Those are my thoughts for today as I reflect on some sad, trying, and rich experiences.

Hanging out with good friends in Sugadaira

Hanging out with good friends in Sugadaira

The Importance of Wearing Hats

As I write this, I’m sitting at my hotel in Yudanaka, Japan watching the snow fall outside through the huge stain glass windows. I can see the mountains leading up to the ski resorts, trees lightly frosted with this morning’s dusting. I see ancient buildings nestled up against modern apartments, steam rising in various places from the town’s dozens of public hot springs. And I think again about how different my life is from just a week ago. Last week I was winning money with my uncle at Black Jack tables in Vegas. This week I’m here. I’m not sure I could think of anything more opposite.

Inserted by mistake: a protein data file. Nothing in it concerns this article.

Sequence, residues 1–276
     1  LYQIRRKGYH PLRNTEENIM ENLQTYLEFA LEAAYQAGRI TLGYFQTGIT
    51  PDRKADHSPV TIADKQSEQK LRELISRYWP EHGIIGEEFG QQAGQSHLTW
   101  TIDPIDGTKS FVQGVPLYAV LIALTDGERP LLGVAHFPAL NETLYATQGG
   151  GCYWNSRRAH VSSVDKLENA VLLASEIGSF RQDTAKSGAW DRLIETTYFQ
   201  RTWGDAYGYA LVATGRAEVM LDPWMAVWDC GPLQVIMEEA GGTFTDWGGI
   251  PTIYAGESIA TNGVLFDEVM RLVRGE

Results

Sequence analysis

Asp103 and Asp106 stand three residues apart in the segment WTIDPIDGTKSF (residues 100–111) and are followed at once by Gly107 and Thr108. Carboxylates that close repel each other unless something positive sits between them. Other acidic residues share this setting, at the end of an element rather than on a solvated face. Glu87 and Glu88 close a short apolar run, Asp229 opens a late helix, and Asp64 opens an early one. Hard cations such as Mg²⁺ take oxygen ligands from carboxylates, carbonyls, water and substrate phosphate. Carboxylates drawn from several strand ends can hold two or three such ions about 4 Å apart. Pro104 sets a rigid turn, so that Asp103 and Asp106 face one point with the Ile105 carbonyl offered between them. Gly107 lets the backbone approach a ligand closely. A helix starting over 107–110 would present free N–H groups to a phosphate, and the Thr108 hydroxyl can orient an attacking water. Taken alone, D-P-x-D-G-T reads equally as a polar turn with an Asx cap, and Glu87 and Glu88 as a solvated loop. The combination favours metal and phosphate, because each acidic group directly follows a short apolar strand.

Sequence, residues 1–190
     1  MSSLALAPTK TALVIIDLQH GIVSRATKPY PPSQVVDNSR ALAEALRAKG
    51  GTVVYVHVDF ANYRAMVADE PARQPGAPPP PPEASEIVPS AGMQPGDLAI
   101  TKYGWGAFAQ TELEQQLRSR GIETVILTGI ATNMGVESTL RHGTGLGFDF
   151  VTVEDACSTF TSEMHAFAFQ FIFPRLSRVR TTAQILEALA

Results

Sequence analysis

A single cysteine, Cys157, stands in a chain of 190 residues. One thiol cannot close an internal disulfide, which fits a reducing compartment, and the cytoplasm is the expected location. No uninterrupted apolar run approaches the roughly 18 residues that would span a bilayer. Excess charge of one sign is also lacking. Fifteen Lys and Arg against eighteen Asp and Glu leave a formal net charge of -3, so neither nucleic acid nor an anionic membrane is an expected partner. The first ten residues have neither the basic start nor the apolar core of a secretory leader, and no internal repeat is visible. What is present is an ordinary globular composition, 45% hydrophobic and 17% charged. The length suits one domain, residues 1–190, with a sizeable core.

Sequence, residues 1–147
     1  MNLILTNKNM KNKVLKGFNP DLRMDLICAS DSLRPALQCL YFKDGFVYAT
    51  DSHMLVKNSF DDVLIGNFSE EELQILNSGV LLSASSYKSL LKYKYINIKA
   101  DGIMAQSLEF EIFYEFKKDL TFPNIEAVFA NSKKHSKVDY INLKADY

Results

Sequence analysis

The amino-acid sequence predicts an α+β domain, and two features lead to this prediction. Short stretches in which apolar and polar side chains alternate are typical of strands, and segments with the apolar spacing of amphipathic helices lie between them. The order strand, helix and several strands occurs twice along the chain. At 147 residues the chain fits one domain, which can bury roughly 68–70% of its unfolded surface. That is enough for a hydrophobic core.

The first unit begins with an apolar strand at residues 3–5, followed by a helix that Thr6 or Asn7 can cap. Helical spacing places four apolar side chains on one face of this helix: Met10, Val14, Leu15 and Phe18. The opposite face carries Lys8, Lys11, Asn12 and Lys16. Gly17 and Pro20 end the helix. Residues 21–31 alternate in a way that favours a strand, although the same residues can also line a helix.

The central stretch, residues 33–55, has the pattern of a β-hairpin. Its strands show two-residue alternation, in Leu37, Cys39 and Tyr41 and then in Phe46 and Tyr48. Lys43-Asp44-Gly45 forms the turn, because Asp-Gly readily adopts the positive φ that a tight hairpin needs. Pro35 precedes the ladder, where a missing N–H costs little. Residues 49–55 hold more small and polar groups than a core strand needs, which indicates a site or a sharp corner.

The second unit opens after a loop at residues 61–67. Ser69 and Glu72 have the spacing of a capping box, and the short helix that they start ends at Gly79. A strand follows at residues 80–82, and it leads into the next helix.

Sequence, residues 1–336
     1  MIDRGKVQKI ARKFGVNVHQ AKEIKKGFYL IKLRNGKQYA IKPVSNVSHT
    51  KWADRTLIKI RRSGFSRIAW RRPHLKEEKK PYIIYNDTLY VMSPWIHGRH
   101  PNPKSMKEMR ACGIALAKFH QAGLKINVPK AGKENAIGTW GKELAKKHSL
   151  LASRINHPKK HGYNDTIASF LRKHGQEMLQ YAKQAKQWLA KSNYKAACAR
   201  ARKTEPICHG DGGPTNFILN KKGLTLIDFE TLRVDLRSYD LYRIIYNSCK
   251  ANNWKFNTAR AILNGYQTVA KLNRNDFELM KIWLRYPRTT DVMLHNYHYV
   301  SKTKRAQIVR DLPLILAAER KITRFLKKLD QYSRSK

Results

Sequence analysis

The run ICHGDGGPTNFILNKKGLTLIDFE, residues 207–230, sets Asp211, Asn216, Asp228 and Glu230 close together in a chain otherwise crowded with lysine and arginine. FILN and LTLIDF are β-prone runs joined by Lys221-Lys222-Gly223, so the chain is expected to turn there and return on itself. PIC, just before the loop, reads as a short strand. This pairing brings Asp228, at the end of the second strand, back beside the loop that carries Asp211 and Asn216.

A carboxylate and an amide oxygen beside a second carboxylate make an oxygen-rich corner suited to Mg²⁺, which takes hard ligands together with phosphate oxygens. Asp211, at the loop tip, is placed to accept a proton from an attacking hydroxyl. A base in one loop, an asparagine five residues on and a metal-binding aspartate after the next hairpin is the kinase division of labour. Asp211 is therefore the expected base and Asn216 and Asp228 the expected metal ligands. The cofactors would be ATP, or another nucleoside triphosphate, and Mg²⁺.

Snow in the Mountains

Snow in the Mountains

Yet I’ve come to accept irregularity as part of my life. Someday I want a more stable job, something that pays well, gives me the freedom to spend time with my family and something in which I gain autonomy, mastery and purpose (see the TED talk). Yet for now, I appreciate the experiences and lessons I’ve learned from doing so many things. I was trying to count yesterday how many jobs and internships I have done in my life. I counted 24, but I’m sure there are more. Some of the crazier ones include tour guiding for a Japanese movie star in Kenya, growing chili peppers in the desert, playing pickleball for money and working at a Japanese ski resort. There are lots of lessons to be learned from doing so many things, and I wanted to share a few of those:

1. One Thing Usually Leads to Another